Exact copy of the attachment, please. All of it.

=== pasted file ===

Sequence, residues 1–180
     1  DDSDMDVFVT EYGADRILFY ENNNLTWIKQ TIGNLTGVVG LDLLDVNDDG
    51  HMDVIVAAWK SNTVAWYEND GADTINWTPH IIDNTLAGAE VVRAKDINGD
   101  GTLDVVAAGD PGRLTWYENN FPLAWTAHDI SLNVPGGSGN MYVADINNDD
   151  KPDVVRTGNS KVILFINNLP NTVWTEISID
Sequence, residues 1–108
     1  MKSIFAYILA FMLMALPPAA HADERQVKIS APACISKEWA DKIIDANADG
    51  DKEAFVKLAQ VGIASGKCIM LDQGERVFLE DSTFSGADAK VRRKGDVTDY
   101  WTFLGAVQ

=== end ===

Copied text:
Sequence, residues 1–180
     1  DDSDMDVFVT EYGADRILFY ENNNLTWIKQ TIGNLTGVVG LDLLDVNDDG
    51  HMDVIVAAWK SNTVAWYEND GADTINWTPH IIDNTLAGAE VVRAKDINGD
   101  GTLDVVAAGD PGRLTWYENN FPLAWTAHDI SLNVPGGSGN MYVADINNDD
   151  KPDVVRTGNS KVILFINNLP NTVWTEISID
Sequence, residues 1–108
     1  MKSIFAYILA FMLMALPPAA HADERQVKIS APACISKEWA DKIIDANADG
    51  DKEAFVKLAQ VGIASGKCIM LDQGERVFLE DSTFSGADAK VRRKGDVTDY
   101  WTFLGAVQ